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The model in question is the factory Ascona 400 driven to third place by Jochi Kleint and Gunter Wanger (ERC champions 1979) in the 1981 Monte Carlo. Revell also do the 1982 Walter Röhrl Rothmans car. But sadly, as is the way of the slotcar world, the Rothmans decals have not been applied to that model.



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So what have we got? I anticipate Revell model arrivals as they are improving year on year, and his model is no exception. It shows some more improvements over the older models and all going in the right direction. I always look forward to getting these models competitive too, and there is room with this model to make some improvements which would place it at the pointy end of the results! But firstly, let’s get it out of the box!



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Out of the box it shows all the signs of a nice model with a diecast makers background. Not quite as good as AUTOart but still better than a good many slotcars in its price range. The tampo is very good and being a factory sponsored car there is no tobacco advertising missing from the model. All other features are well modelled. Detail is crisp and clear and all the nice little touches have been added. The eighties style headlight wipers are well modelled as are the front lights themselves. Grille badge and numberplate look quite natural and the driving lights, although exposed, are well modelled to.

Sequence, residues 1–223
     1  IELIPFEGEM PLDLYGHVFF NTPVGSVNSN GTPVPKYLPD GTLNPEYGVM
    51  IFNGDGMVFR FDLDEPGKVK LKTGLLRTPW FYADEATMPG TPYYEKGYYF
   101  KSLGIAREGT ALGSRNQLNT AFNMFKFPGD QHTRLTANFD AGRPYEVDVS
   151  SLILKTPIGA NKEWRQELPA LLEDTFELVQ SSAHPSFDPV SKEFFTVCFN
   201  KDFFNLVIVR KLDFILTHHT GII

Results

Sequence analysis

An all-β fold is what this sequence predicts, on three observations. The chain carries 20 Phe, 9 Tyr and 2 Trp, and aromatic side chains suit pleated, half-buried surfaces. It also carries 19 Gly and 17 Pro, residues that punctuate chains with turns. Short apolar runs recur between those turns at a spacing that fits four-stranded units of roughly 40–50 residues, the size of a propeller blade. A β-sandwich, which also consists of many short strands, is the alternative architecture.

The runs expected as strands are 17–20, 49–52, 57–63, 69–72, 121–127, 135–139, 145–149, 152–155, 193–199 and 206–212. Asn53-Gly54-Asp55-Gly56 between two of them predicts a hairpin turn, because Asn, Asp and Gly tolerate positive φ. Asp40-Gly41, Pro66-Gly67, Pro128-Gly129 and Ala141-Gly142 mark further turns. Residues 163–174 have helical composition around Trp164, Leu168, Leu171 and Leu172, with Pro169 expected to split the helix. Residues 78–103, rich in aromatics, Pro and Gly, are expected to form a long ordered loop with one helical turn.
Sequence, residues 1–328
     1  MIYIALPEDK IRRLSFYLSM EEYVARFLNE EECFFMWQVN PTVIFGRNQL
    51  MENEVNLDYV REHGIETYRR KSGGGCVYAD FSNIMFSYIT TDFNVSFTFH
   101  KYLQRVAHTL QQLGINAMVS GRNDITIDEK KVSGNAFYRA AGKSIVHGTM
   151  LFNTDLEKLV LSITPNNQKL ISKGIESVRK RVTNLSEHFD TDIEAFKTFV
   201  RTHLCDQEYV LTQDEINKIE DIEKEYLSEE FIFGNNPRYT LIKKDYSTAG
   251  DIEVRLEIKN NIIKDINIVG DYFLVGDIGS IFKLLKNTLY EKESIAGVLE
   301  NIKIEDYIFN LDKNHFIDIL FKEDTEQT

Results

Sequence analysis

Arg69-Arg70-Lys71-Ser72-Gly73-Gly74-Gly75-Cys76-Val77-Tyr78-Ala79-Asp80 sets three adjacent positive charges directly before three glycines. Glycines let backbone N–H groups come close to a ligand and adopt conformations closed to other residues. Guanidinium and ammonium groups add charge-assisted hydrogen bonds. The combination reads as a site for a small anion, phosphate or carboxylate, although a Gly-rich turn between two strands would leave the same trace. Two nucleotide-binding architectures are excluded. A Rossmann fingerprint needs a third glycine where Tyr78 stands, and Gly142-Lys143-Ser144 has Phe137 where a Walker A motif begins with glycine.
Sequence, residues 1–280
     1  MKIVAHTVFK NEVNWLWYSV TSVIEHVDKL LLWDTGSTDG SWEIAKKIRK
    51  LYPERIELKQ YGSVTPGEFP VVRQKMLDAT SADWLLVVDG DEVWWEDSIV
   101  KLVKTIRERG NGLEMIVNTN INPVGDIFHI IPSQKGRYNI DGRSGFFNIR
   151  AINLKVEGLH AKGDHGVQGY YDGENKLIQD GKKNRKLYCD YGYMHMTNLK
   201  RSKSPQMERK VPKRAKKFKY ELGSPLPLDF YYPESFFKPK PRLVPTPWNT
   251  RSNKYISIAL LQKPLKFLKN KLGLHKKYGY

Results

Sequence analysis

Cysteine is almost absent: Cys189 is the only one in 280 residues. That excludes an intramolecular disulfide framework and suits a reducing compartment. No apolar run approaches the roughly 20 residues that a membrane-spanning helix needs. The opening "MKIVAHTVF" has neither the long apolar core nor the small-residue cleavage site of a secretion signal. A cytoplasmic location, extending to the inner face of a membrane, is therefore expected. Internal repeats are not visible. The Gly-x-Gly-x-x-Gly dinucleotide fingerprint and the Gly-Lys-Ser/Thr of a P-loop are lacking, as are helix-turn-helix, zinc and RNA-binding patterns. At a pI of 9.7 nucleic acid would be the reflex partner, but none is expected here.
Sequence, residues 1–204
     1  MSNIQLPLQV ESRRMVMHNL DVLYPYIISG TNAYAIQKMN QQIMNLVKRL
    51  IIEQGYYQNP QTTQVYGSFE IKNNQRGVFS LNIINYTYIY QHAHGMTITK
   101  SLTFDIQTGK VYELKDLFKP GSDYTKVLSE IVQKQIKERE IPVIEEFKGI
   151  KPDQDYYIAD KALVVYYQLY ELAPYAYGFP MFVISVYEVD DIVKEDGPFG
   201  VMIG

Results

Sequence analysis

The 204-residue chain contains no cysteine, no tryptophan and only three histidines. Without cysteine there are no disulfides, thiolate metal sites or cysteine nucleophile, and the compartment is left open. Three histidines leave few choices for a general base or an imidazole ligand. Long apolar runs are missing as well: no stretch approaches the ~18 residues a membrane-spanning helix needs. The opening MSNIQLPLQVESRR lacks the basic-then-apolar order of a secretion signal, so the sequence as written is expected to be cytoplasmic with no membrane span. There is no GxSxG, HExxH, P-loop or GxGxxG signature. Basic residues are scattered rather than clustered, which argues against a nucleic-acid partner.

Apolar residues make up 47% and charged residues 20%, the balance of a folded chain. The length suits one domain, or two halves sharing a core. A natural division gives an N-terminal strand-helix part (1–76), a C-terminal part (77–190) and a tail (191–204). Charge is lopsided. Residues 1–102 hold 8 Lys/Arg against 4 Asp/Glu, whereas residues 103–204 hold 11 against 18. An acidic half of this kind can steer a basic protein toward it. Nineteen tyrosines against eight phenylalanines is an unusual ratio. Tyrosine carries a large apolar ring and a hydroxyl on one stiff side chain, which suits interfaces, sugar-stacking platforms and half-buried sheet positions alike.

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It’s here that the first defect presents itself. The driving lights must have been wet when they were assembled (lacquer/paint?) as each light has a tide line in them where the paint or lacquer has gravitated to the bottom of the light. Mind you, it is a bit reminiscent of the old lights when they used to fill with rain water!! The rear bumper is crooked too, maybe a bit of extra care in the assembly stage is needed?



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The clear parts are good too. Once again, no more greasy fingerprints left behind on the inside after assembly. In the cockpit area is a half drivers tray. Not too bad a job made here either. Both occupants are strapped in with five point seat belts and the drivers suits matching the livery. There is also a very well detailed roll cage and dash but they are almost indiscernible in the cockpit. My next disappointment were the occupants heads. The visors have been silvered over and detract from the overall interior.